1. James’ lineage is also hidden! The name Jacob appears in Jesus’ genealogy first as the Patriarch of Israel (Matthew 1:2, Abraham was the father of Isaac, Isaac the father of Jacob, Jacob the father of Judah and his brothers) and again as Jesus’ grandfather (Matthew 1:15-16, Matthan the father of Jacob, and Jacob the father of Joseph, the husband of Mary, and Mary was the mother of Jesus who is called the Messiah.) It seems Joseph was able to name one of his sons after his own father, Jacob.
  1. James’ Jewish heritage is also minimized, as Jacob seems to have been the third most popular name for Jewish boys in his day.
  1. And James’ had written his epistle in the style of a diaspora letter, akin to Jeremiah’s “Letter to the Exiles,” and other literary works well-known in James’ day, such as in the Books of the Maccabees and the Apocalypse of Baruch. The whole thrust of his own introductory sentence is lost, for he intended it to read,

Jacob, of God and [the] Lord Jesus Christ a slave, to the twelve tribes that are in the Diaspora, be of good cheer”

James 1:1 (my translation)

James is Jacob Throughout

Now, you maybe are bracing for this, but guess what? Guess what Zebedee’s older son’s name was? Did you guess James? Well. It is not. It is actually Ἰάκωβος | Jacobus

Okay, how about this one. Jesus had twelve specially selected disciples, eleven of whom became apostles. According to the Encyclopedia Britannica, their names are:

  1. Peter son of John
  2. Andrew son of John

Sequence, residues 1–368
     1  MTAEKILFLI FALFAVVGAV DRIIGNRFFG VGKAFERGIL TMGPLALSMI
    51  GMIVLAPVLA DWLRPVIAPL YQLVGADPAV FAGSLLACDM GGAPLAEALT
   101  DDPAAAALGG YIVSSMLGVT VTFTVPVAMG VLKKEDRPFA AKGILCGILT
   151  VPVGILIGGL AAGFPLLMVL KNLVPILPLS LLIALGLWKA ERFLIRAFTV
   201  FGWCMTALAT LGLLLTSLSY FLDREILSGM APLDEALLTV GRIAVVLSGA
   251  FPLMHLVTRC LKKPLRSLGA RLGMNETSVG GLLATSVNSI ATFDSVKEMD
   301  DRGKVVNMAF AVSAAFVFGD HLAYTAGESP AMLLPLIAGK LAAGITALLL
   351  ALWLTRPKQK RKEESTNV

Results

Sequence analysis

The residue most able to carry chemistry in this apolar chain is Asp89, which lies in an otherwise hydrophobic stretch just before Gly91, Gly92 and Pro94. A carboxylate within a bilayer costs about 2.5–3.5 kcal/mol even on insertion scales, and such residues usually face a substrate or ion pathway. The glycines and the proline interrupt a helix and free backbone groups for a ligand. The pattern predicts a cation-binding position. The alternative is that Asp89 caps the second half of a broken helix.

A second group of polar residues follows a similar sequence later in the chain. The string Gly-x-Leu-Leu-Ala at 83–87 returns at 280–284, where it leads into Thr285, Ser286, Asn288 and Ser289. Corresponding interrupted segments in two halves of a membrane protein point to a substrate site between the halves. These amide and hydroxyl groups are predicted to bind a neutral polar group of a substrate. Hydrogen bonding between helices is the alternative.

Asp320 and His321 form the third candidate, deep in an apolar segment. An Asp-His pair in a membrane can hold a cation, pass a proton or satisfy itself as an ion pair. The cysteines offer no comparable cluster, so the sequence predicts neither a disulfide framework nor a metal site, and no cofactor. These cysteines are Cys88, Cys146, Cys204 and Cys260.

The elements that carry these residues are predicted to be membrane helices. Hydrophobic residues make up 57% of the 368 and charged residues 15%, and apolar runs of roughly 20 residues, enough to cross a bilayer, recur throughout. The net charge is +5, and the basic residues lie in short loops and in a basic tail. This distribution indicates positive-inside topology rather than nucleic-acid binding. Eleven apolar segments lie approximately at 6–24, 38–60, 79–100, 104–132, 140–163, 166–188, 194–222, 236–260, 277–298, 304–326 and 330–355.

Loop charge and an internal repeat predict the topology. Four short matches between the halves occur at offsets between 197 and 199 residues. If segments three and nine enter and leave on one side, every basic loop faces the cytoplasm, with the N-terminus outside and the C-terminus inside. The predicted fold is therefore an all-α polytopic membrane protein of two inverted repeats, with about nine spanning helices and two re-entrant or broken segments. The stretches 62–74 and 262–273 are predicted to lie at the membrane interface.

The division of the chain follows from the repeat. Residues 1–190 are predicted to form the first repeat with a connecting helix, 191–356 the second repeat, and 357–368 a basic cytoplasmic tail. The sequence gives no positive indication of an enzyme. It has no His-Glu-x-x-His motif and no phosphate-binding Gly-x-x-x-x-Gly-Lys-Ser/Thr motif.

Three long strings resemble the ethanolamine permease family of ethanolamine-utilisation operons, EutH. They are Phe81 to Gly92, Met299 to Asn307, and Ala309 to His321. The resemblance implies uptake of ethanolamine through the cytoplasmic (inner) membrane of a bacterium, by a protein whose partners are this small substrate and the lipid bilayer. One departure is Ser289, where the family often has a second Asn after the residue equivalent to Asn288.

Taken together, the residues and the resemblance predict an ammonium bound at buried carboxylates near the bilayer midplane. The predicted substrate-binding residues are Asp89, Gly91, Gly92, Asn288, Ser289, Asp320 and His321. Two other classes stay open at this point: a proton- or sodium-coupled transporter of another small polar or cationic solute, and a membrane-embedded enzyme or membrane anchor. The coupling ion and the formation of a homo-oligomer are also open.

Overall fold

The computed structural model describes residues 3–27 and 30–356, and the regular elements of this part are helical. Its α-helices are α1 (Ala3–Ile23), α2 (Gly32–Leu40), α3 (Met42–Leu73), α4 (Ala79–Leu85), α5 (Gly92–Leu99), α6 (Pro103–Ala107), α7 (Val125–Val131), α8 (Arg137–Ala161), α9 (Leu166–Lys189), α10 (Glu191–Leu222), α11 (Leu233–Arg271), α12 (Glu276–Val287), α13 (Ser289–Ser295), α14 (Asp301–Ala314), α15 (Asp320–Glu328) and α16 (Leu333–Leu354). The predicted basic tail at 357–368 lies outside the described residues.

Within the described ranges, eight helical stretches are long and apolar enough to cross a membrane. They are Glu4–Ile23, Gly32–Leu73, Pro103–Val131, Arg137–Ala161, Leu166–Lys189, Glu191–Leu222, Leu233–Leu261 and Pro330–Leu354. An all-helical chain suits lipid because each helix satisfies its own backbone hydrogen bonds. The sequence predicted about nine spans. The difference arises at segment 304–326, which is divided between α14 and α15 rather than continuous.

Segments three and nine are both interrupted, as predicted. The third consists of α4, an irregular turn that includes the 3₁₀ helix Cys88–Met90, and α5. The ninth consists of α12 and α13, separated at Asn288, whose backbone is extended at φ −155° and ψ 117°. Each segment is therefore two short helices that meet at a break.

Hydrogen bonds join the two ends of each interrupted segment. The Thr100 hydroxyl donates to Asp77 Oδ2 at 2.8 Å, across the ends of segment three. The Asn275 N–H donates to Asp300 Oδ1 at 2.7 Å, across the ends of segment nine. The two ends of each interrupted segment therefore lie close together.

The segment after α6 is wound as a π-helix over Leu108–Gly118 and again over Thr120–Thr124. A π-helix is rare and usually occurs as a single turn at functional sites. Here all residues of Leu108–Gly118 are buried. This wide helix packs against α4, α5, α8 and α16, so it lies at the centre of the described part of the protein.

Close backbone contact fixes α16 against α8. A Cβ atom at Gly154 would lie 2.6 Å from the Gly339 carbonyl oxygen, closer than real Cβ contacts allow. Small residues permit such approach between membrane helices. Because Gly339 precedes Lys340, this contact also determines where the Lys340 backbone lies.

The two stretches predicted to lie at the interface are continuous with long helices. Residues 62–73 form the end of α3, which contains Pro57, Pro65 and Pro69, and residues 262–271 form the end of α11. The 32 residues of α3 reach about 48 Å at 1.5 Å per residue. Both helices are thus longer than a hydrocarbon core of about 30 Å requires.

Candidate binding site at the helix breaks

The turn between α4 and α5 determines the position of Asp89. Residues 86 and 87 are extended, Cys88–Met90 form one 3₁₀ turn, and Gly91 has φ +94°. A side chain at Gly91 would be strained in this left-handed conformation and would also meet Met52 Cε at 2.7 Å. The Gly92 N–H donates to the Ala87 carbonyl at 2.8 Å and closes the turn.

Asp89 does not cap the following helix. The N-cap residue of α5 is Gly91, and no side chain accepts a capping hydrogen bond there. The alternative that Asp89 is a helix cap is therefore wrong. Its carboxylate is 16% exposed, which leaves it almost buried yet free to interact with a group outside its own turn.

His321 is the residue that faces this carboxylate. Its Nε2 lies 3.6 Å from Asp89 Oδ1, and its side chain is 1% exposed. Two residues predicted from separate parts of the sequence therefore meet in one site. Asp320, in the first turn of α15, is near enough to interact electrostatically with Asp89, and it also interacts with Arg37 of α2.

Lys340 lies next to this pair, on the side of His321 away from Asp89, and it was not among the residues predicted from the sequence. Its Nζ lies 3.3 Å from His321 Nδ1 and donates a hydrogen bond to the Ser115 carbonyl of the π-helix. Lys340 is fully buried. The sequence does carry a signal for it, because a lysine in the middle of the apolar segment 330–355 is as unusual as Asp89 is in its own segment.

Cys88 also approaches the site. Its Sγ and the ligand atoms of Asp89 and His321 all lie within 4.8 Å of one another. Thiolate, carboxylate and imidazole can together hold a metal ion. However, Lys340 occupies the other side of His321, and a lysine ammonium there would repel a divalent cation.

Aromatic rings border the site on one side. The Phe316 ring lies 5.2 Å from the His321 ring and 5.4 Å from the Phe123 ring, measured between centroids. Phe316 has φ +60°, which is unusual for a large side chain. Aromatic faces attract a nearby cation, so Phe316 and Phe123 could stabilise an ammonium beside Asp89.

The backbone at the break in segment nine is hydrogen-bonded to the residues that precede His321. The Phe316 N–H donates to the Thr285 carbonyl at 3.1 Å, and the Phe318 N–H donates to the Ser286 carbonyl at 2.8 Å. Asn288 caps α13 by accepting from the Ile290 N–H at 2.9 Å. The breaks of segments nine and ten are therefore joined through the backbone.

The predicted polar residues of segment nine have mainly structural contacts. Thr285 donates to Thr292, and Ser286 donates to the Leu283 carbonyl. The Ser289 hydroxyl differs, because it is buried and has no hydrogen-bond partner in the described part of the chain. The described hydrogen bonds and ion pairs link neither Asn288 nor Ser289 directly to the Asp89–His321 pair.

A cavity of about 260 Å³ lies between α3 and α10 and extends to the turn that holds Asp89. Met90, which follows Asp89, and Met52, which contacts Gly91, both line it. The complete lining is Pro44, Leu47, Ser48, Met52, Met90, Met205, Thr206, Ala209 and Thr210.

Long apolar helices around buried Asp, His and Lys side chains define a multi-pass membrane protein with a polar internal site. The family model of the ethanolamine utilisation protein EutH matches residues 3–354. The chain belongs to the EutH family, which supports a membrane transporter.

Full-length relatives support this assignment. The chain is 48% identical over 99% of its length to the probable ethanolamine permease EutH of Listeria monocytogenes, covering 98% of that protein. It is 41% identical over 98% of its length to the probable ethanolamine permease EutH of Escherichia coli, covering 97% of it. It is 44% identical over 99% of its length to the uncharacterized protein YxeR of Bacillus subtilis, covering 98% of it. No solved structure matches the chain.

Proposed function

3. James (<cough> Jacob) son of Zebedee
  4. John son of Zebedee
  5. Philip
  6. Batholomew
  7. Matthew
  8. Thomas Didymus (“The Twin”)
  9. James son of Alphaeus
  10. Jude (or Thaddeus) son of James
  11. Simon the Cananaean (or Zealot)
  12. Judas the Iscariot

Yup. John’s brother was actually Jacob.

But, what was Alphaeus’ son’s name again? Did you say James? Nope.  Ἰάκωβος ὁ τοῦ Ἁλφαίου | Jacobus him of Alphaeus

So maybe at least Jude’s father’s name was James. Right? Wrong. Ἰούδαν Ἰακώβου | Jude of Jacobus.

At least translators were consistent, anyway.

Book of Jacob

So the introduction to James’ book is to first say it is really Jacob’s book, and he was writing in the tradition of his namesake the Patriarch Jacob (Israel), to the twelve tribes of Israel scattered throughout the exile,

. . . full of references and allusions to the Torah and Wisdom Literature of the Jewish Bible (Christians’ Old Testament). Scholars consider James the most “Jewish” book in the New Testament.

Mark Wilson, “James or Jacob in the Bible?” Biblical Archaeology Society, May 7, 2021

With many thanks to a really wonderful resource on YouTube called “The Bible Project,” let us begin our study of James with this overview of his letter to “The Twelve Tribes of the Diaspora.”.

[The first page of James in Minuscule 319, a Greek minuscule manuscript of the New Testament. | By Unknown author – Minuscule 85 (Gregory-Aland), Public Domain, https://commons.wikimedia.org/w/index.php?curid=14316420]